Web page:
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London Tech Week: Invest in people as much as tech

13th June 2024
Caitlin Gittins

Investing in people as much as new technology was emphasised in various talks, panels and presentations that were held at London Tech Week from 10-12 June, which invited back innovators, investors and tech companies to share ideas and innovation.

London Tech Week is energetic, with calculated risk and fun, said Sadiq Khan, Mayor of London, in an interview given to the event. “I challenge anybody who comes to London Tech Week, whether it's from Shoreditch or Sri Lanka, not to have a great time here,” he said, with a kind of excitement that would set the tone for the event, now in its 11th year.

“It's great to be back at London Tech Week, at such an exciting time for the industry as AI continues to accelerate,” said Clare Barclay, CEO, Microsoft UK. “I was left inspired by the range of speakers all seeking to innovate with the latest technology. We shared more about how Microsoft is delivering AI innovation at scale and I'm looking forward to helping the UK continue to realise its potential in the year ahead.” 

In recognition of its importance as a technology, London Tech Week named AI as a major theme, alongside other topics including tomorrow’s talent; the future of security and data; social impact, and more.

During a panel discussion, ‘The roadmap to digital skills for all’, AI was discussed in relation to the workers using it - in making sure people have the proper skills and training to use it appropriately.

Moderator Emma Stone, Director of Evidence and Engagement at Good Things Foundation spoke to panelists David James, Chief Learning Officer at 360Learning; Srikanth Iyengar, CEO at upGrad Enterprise; and Nimmi Patel, Head of Skills, Talent and Diversity at TechUK.

On the question of why digital skills matter to you and your organisation, Iyengar said: “We train about three or four million people a year … But the bigger reason why this is critical is that it makes a difference in people’s lives. We [the audience] just came off a panel on AI and we all talk about technology being ubiquitous and how it can overtake human lives. 

“And if we've got to stay abreast and use technology to our benefit, I think upskilling is very, very critical.”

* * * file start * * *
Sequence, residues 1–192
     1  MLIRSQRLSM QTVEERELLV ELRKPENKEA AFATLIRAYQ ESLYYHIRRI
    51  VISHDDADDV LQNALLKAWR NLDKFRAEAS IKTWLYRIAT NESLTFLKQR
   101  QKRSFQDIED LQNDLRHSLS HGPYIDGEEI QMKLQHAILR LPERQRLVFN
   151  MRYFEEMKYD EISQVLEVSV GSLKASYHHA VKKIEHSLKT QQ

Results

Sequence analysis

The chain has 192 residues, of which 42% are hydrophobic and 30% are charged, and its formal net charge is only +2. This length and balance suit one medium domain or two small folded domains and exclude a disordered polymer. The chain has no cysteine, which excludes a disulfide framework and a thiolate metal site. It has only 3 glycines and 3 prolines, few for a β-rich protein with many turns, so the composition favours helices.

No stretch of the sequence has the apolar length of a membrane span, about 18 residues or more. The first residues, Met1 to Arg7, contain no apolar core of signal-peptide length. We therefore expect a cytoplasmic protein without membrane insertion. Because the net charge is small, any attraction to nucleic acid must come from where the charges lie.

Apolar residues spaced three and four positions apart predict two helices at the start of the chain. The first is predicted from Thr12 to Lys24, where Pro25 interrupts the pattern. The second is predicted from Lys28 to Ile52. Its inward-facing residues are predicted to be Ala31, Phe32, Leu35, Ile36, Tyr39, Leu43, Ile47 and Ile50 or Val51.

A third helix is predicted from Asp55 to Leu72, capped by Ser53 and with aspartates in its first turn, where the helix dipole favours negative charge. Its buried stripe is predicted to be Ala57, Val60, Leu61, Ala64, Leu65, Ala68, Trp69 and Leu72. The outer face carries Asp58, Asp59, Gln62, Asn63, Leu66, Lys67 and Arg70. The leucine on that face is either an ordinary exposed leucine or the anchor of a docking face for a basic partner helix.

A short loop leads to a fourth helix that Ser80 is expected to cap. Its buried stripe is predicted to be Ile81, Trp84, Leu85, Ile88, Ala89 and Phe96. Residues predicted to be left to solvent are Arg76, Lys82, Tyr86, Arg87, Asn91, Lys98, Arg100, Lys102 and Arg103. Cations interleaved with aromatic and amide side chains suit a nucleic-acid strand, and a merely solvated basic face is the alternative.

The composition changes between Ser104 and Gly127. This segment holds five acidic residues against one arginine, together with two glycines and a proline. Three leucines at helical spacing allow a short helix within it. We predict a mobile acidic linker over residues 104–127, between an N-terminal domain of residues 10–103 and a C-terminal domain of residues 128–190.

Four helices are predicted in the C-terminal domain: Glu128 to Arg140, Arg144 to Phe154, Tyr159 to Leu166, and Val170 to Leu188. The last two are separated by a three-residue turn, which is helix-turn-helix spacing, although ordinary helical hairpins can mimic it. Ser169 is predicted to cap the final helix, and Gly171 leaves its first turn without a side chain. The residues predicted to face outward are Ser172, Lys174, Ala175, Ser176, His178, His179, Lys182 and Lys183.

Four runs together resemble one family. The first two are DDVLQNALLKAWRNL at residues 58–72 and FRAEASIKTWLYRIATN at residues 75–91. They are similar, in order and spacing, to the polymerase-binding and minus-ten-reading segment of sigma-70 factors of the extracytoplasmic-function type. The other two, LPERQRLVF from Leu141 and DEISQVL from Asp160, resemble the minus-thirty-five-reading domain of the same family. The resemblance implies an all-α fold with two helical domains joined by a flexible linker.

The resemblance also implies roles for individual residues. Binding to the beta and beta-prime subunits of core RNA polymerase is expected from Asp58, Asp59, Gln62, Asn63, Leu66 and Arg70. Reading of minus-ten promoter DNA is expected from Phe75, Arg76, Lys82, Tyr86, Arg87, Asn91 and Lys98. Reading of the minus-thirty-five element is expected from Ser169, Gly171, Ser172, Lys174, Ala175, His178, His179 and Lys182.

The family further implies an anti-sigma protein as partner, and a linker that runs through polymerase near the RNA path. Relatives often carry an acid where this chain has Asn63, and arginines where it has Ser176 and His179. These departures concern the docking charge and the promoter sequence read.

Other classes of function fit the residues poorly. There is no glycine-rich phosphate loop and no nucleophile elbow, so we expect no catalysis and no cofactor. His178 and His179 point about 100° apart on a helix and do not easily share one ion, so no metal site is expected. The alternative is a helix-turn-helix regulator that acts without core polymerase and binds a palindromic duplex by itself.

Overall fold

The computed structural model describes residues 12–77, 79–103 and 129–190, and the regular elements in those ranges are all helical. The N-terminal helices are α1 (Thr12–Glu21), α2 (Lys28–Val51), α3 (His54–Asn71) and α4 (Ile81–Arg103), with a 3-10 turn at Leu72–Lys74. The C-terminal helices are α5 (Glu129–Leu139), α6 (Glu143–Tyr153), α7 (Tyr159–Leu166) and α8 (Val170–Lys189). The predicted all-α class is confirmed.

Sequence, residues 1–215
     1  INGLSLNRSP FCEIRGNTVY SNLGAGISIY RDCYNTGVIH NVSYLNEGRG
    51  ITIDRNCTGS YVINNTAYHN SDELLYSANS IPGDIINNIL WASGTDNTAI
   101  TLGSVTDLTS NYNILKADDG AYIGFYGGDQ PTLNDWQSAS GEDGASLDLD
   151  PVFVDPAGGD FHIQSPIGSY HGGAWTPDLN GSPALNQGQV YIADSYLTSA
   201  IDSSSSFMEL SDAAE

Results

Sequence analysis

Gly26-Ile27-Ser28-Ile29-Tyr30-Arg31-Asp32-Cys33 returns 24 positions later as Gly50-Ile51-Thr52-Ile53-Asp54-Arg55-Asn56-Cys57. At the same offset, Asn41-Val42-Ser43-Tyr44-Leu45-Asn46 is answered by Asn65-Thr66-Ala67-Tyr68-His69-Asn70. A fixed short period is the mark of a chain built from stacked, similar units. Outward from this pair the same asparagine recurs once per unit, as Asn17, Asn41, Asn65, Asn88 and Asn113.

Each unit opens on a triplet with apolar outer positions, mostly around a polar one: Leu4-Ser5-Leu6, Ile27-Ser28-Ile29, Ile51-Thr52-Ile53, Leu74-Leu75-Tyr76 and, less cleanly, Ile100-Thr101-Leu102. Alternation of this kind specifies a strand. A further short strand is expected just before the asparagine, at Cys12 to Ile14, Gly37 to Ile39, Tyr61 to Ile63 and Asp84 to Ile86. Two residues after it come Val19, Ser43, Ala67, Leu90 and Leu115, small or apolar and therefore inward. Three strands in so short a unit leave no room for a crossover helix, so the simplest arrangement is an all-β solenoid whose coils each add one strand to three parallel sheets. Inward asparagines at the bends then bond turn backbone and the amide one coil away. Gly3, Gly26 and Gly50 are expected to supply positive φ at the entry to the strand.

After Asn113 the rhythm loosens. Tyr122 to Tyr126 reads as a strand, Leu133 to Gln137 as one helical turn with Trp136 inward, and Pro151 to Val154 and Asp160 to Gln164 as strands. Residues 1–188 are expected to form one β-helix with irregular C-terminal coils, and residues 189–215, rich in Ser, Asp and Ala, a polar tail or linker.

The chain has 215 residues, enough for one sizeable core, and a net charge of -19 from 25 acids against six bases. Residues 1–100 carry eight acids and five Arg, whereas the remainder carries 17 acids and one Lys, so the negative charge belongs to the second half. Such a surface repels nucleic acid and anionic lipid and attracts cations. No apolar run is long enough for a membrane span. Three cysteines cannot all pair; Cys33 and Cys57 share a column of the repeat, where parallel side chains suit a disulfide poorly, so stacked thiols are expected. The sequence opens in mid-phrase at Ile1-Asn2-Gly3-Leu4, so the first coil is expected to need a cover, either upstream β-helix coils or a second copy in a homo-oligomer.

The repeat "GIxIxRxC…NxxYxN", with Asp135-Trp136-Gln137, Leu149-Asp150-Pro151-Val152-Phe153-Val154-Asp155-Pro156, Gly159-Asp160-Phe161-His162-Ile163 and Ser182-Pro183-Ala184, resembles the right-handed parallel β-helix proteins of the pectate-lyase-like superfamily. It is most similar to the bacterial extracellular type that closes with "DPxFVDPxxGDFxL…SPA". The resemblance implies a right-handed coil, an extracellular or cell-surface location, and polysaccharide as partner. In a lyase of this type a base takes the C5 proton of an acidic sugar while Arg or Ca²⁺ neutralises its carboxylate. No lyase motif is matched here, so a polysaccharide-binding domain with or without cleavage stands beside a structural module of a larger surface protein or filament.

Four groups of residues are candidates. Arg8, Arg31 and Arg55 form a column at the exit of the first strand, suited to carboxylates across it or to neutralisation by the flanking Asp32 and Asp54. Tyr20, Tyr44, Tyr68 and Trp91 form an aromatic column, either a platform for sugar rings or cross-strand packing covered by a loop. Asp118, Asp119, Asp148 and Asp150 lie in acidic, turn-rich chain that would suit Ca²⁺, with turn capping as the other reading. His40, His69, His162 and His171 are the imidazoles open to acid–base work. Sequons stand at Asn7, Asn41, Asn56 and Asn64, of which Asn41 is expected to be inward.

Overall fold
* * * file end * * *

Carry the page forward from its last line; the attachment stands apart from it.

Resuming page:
During a panel discussion, ‘The power of nurturing people - how to inspire talent, growth & innovation’, Future Reporter Jane Thier asked Hanno Renner, Co-Founder and CEO of Personio and Hayaatun Sillem, CEO of Royal Academy of Engineering whether they thought AI capabilities will be “must haves” for workers looking to scale the corporate ladder.

“I think the short answer is yes, of course,” said Renner. “But not in the way that everything has changed… I think it’s the same as with other technologies, it’s an enhancer and it’s really important to figure out how you want to use them.”

Renner explained that they thought about AI in multiple ways: “For our customers, where does AI and algorithms have an impact in the way we serve our customers and where can we implement it inside Personio to help our customers.

“For example, HR people don’t always tend to be the most tech savvy people. And if they want a full customer report, it would be really powerful if they can just ask Personio in natural language to get that customer report built. So there are some of these opportunities to democratise and enable access much easier for non-technical people.”

“I think for the vast majority of workers that most of us will be simply benefiting from Ai through its investing in products that we've already used,” added Sillem. “But I do think that we have to be honest about the fact that there is such a spectrum in terms of digital skills in the workforce. So, Future Market analysis is there are 54% of the UK workforce today that can't complete all the basic digital skills that are agreed just as necessary.”

Both Renner and Sillem hammered home this point about investing in technology being as important as people, discussing being “organisation centric” and “human centric”.

“I found as a leader it was hard to know how to get that balance right,” Sillem admitted.

Renner echoed this sentiment and said without investing in the right people, a company is at risk of crumbling. “It’s really important that you are bringing the right people with the right behaviours,” he said. 

Human centered work, in practice, looks at focusing on human outcomes, Sillem said. “You’re committing to focus on human outcomes, which technology is an enabler of that, but it’s human outcomes that matter.” 

Although a hub of new innovation and technologies set to change the landscape of the workplace in the future, people continue to be as important as technology was the main message put across by London Tech Week.


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